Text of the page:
Escitalopram is the (S)-stereoisomer (enantiomer) of citalopram, hence the name. Some studies suggest that escitalopram might be more effective than citalopram in treating depressed patients [59, 60]. All three studies analysing the effect of escitalopram as treatment for chronic pain reported positive results: chronic lower back pain  measured as weekly pain relief, multisomatoform disorder (pain intensity)  and painful polyneuropathy  (evaluated by self-rated pain relief).
Serotonin (5HT) is a monoamine neurotransmitter that plays a major role in both nociception and mood regulation [6–8]. A major player in 5-HT signalling is the serotonin transporter (5-HTT), which is essential for determining the 5-HT level at the postsynaptic receptor (for review see ). SSRIs act upon the 5-HTT inhibiting the reuptake of the monoamine into the presynaptic cell, increasing the level of serotonin in the synaptic cleft. In the past decades, SSRIs have emerged as alternative treatment for chronic pain but their effectiveness is inconclusive.
This topical review aimed to summarise what is known about the effectiveness of the use of SSRI as treatment for chronic pain. A total of 36 trials were included in this revision. Twenty-five studies reported a significant effect of SSRI on chronic pain outcomes. However, only two of these studied were categorised as having “low risk” of bias.
In general, most studies do not seem to be congruent on the methodology adopted and present a “high risk” of bias: lacking a control-group (placebo or other drugs), not including sample size calculation, lacking randomisation (or not describing method of randomisation), or even lacking blinding of the researcher and/or patients. To date, fluoxetine is the most studied SSRI in relation with chronic pain treatment. No studies reported an insignificant effect of this SSRI; however one study found contradictory results reporting an effect on overall headache but not on migraine .
More than 70% of the studies included in this review found a statistically significant effect of SSRI as treatment for chronic pain conditions. Fluoxetine, fluvoxamine, and escitalopram in particular seem to be the most promising SSRI. Further studies using those SSRIs in different concentrations and with a systematic methodology minimising bias (proper blinding, randomisation of patients, placebo (or active comparator) control, and perhaps a cross-over period) are of high importance in order to assure the use of optimal dosage and treatment periods in the clinical practice. Furthermore, the studies reviewed here were of short duration, varying from 2 to 36 weeks. Since chronic pain conditions often evolve into permanent pain (lasting for even a lifetime), future studies with longer treatment period are strongly encouraged.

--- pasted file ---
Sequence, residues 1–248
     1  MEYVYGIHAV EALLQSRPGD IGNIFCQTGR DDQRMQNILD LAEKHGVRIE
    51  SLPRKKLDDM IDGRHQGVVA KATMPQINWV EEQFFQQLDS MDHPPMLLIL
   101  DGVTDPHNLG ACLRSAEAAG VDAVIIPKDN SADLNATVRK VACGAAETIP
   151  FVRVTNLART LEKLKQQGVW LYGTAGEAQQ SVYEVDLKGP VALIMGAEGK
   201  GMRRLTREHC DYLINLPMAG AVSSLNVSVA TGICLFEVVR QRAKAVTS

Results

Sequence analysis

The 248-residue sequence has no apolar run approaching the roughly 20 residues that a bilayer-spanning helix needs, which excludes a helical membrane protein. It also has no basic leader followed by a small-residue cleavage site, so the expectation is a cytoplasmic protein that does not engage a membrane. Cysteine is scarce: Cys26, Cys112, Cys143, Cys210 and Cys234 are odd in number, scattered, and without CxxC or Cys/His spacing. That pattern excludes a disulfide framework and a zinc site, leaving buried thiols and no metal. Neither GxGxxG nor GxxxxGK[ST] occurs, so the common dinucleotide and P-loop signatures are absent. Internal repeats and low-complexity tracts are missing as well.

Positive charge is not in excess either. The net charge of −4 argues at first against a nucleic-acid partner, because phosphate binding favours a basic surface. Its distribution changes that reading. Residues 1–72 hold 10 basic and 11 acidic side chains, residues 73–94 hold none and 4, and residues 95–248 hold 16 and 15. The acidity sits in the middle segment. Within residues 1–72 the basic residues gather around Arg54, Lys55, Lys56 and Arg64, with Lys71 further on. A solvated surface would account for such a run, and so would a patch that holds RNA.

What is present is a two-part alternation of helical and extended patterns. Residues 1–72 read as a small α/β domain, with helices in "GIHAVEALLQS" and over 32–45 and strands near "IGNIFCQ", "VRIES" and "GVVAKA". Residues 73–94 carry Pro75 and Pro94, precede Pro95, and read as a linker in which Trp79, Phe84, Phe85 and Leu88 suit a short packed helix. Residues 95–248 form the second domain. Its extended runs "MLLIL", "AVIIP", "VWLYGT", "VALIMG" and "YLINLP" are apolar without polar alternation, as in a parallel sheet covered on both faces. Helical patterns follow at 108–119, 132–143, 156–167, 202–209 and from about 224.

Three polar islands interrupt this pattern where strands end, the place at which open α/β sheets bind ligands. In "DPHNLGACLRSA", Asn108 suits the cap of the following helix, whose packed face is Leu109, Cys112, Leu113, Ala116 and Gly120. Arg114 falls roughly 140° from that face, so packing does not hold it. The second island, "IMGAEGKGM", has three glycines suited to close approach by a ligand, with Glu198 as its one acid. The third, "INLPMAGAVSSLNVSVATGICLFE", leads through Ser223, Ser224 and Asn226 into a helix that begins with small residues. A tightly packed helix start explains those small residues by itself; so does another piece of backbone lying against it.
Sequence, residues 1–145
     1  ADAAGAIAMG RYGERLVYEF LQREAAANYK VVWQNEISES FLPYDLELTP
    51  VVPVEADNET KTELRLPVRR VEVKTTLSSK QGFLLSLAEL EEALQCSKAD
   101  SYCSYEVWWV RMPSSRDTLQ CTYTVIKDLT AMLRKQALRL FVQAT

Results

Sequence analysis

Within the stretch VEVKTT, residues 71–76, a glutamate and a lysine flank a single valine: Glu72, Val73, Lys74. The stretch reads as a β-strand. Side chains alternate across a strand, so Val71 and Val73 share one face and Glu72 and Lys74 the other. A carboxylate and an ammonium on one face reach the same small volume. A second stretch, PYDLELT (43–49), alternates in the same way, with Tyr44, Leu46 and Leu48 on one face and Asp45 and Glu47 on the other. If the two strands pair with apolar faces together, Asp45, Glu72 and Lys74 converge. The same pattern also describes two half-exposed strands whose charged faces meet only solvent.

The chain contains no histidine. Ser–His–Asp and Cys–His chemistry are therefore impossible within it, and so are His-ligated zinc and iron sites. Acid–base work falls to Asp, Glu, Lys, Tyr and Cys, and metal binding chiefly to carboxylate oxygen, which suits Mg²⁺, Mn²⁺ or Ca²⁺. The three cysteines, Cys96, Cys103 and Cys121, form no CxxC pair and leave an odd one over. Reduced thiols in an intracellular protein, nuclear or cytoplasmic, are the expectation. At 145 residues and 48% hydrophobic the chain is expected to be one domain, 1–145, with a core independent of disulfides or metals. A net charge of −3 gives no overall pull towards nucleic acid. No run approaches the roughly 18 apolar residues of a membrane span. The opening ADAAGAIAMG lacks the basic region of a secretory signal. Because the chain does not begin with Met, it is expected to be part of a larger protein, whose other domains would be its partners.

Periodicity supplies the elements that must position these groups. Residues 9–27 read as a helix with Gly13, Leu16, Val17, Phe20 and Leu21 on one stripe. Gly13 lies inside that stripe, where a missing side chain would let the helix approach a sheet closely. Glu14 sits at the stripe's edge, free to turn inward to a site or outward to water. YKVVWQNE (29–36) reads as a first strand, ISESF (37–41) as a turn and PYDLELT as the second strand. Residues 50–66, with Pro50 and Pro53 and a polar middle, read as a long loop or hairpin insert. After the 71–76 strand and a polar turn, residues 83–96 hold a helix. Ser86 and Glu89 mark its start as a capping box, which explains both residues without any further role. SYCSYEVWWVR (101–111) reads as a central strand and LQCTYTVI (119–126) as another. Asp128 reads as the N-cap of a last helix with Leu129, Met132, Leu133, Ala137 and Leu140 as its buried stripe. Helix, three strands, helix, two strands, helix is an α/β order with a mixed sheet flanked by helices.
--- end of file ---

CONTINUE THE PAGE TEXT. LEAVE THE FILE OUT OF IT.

Chronic pain and depression are highly prevalent conditions whose symptoms overlap. A large number of studies have found a reciprocal association between emotions (especially depression) and pain [64–69]. Since SSRIs are designed and used to treat depression and other psychological disorders, it would be of great interest to investigate if the effectiveness of SSRIs as treatment for chronic pain is mediated by its effect as mood regulator. Future studies focusing on how does SSRI effectiveness as pain treatment compare to that of TCAs and to the newer SNRIs are also needed. Perhaps SSRIs differ from TCAs as treatment for chronic pain conditions by having different effect on mood modulation. If SSRIs act on pain conditions by modulating the emotional state, longer treatment periods might be required in order to observe a positive effect. If this is the case, studies with short SSRI treatment duration (as many of the trials included in this review) would not be able to show a significant effect on the pain conditions. This strengthens the necessity of longer trials studying the effect of SSRI on mood states and chronic pain conditions.
Statistical significant effect of SSRI on chronic pain was not always observed; however the clinical significance of the relation between SSRI and chronic pain cannot be ruled out. The clinical significance of the SSRI effectiveness as treatment for chronic pain was not always analysed in the trials included in this revision. A statistical significance numerical difference in pain intensity will not always imply a clinical significance (patient’s life quality). For example, one of the studies found a significant effect when pain outcome was measured by the physician but no statistical significance was seen when self-rated pain by the patient was analysed . In this aspect it is also important to remark the trial analysing the effect of sertraline on pelvic pain intensity; while an improved emotional state was observed on the patients, the treatment had no statistically significant effect on the pain outcomes . Thus, although the patients’ life quality improved by improving their mood, the pain intensity reminded unchanged. This opens to the discussion of whether a statistically significant physiological effect of SSRI on pain outcomes is enough to generate a clinical significant effect (e.g., emotional state) or not, and vice versa.